Expanding our circles of concern

Being kind can be viewed as being the opposite of being “self”-centered, where self can be me, my group, my race, or my nation. Being kind breaks down the barrier between “us” and “them”—the barrier that is one of the hallmarks of terrorism.

This barrier can divide me from the rest of the world, or my group from other groups (e.g., whites vs. blacks), or my nation against another nation (USA vs. Iraq), or my religious group against another religious group (Lutherans vs. Baptists). Kindness is based on taking care of others, and so it means reaching across some divide, to the other side.

Think of the devastation a terrorist is willing to inflict. Nobody (well almost nobody) can be deliberately cruel over a period of time to somebody who is “kin,” to somebody they feel close to.  So a terrorist has to define the “others” as totally others.  They have to see them as not worthy of consideration.

The first step towards genocide is to dehumanize those you want to destroy.  So the attempted Nazi extermination of the Jews did not begin with the concentration camps.  It began with defining them. First an non-Aryan and thus not real Germans.  And then as less than human beings.

So being kind, the way we are thinking about it, asks us to expand our circles of concern, to take responsibility not just for our family, but for our neighbours. Not just for our friends, but for those we don’t know.  Not just of “us” for for “all of us.”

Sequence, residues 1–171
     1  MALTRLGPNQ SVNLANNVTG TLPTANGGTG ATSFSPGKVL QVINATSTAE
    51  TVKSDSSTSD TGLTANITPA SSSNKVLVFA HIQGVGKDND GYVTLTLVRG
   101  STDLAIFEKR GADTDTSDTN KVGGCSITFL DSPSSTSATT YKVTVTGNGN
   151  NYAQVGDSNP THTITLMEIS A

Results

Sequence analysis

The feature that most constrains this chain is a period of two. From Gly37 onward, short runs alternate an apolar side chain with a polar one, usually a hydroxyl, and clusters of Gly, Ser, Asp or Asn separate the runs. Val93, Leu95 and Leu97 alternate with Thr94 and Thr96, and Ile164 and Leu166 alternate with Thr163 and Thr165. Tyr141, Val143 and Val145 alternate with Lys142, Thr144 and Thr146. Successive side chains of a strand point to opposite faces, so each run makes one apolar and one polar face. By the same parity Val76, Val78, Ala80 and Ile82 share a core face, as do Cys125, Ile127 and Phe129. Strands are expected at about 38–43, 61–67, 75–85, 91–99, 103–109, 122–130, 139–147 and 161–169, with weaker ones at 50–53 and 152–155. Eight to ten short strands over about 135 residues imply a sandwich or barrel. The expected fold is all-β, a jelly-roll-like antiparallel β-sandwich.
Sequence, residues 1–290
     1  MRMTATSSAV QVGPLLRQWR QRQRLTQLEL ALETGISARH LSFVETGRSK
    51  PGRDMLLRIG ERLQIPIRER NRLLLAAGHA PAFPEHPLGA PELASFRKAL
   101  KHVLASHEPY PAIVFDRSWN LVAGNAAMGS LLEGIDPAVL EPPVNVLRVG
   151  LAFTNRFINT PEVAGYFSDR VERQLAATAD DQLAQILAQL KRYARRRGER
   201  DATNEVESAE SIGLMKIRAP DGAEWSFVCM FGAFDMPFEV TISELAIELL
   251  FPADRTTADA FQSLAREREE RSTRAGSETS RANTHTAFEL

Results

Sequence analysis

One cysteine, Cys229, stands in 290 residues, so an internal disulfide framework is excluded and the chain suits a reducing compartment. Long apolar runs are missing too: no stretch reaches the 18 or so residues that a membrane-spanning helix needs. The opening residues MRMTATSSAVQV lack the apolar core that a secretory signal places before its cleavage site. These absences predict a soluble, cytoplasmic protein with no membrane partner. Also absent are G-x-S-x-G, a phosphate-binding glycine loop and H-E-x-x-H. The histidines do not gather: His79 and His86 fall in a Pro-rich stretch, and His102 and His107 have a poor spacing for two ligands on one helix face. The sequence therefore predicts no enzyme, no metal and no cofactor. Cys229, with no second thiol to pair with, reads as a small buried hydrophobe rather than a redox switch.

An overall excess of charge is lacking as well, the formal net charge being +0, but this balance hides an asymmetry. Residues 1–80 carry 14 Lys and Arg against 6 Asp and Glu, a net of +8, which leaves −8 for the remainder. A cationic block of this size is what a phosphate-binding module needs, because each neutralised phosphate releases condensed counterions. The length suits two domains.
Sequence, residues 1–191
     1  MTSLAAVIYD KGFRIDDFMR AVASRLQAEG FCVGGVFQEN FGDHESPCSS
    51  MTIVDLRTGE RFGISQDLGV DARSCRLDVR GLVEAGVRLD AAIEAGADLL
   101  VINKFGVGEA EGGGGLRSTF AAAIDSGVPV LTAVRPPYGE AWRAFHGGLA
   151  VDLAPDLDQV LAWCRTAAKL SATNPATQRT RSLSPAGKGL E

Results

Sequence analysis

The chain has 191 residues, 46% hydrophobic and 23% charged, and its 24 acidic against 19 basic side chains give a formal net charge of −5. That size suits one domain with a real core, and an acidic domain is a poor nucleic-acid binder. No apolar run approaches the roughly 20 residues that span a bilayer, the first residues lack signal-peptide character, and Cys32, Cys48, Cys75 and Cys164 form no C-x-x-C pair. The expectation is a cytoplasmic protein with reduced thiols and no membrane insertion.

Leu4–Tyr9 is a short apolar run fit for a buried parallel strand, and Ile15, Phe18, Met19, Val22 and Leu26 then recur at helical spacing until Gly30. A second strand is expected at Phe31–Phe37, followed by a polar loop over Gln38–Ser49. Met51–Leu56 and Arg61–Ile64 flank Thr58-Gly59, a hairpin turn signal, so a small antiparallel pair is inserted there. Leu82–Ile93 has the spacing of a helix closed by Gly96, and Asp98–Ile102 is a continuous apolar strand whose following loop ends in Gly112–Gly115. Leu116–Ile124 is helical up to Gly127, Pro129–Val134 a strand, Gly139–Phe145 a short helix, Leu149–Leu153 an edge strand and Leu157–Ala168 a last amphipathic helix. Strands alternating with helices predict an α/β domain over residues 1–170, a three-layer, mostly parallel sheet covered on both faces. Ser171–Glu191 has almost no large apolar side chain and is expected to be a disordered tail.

What is interesting is that performing acts of kindness helps us break down our conceptual wall of “us” and “them.”  When we donate money to the people from some foreign country that has been ravaged by a hurricane or earthquake, somehow we become closer to them, they become less foreign.

The takeaway of this is that we can make an effort to expand our circles of concern.  Think about those you care for, those you might think of family or as “close to you.”  And think of somebody who isn’t quite in your family, or isn’t really close enough to care for.  You can actually make the effort to include them in your circle of concern.  That might manifest as nothing more than biting your tongue when a colleague says something stupid, or gets on your nerves.

Think about what the opposite of that might be.  You might decide that not only do they get on your nerves, but they are assholes and should probably be fired.  Or taken to an extreme: fired on.

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